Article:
California farmworkers could see better working and living conditions if a coronavirus relief package introduced Thursday is passed.
(CN) — California lawmakers have proposed a Covid-19 relief package for farmworkers who continue to work amid the global pandemic that would expand paid sick leave, child care and health care pay.
California’s agricultural industry grows and exports over $20 billion in goods annually and hauls in $50 billion in total receipts.
Many of those goods are picked by Central and South American laborers who have been deemed essential workers during the global pandemic.
While other Californians have been ordered to stay safe, at home farm workers continue to head to the fields and farms for work.
The relief package announced Thursday would be extended to all laborers working in the Golden State, including undocumented workers according to the bills’ authors Assemblyman Robert Rivas, D-Hollister, and Assemblyman Eduardo Garcia, D-Coachella.
The relief is touted as the first in the nation for the industry’s workforce during the age of the coronavirus.
Farmers would receive direct subsidies for providing overtime work and pay to their employees, as well as supplemental hazard pay. The bills also seek to speed up the construction of temporary housing in an effort to address overcrowded housing conditions many farmworkers face in agricultural communities throughout California, Rivas said in a phone press conference.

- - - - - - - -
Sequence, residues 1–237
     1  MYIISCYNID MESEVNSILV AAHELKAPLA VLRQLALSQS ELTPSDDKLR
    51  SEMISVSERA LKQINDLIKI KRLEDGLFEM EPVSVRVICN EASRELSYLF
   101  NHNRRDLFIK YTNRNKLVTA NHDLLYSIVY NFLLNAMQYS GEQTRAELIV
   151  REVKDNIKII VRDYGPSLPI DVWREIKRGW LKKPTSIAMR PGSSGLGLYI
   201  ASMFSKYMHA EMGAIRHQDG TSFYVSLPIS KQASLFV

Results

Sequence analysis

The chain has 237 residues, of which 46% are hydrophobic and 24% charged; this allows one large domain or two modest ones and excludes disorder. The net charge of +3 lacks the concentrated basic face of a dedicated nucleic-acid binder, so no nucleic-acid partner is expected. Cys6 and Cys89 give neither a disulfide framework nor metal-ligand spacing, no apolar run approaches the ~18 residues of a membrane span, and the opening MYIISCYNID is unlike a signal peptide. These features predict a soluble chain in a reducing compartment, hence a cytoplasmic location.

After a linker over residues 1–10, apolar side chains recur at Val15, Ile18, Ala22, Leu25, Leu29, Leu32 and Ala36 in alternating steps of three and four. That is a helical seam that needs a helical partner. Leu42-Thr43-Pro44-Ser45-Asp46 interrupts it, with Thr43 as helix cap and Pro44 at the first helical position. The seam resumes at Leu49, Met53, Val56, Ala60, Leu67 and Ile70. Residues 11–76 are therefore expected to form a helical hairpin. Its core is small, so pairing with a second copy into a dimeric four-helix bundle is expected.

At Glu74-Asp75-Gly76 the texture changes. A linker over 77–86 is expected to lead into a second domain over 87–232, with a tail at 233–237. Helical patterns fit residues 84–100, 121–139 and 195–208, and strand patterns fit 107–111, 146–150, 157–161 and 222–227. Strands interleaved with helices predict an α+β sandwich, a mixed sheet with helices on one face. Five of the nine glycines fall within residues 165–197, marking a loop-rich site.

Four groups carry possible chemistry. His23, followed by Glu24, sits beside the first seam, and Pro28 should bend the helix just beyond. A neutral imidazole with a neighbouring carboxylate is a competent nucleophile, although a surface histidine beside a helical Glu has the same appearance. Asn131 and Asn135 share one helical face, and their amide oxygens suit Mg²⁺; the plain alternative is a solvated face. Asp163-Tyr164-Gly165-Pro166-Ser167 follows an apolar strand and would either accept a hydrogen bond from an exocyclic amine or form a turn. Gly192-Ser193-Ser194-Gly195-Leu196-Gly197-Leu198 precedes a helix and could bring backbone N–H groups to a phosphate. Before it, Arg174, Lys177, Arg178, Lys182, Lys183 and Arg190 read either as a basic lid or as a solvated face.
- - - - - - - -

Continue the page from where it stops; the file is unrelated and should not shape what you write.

“These workers are helping to feed the nation in these most trying times amidst this pandemic,” said Rivas. “They’re working in difficult environments with their children at home. They’re putting their health on the line for each and every one on us.”
Large groups of farmworkers are often forced into single apartments due to a shortage of available affordable housing in the state’s agricultural centers. One component of the relief package would speed up the approval of construction permits to build small housing units, which the lawmakers expect to be in high demand as the nation braces for an economic recession.
The lack of adequate housing space does not allow for social distancing and makes for a dangerous situation for the laborers. Temporary housing for agricultural workers would be included in the relief package as well.
“Farmworkers face horrific housing conditions,” said Rivas. “It’s not right. It’s unacceptable.”
Another component would expand electronic filing to all state trial courts to address the lack of access to court services for rural communities. The bills also seek to expand telehealth services given the lack of medical services in rural communities.
The bill authors sought input from members of the agricultural industry, farmworkers and the Department of Food and Agriculture. A campaign to education workers on their rights and Cal/OSHA standards will also be rolled out if the relief package is approved.
Garcia said California lawmakers are scheduled to return back to the Assembly on May 4, but that date is tenuous given the coronavirus pandemic.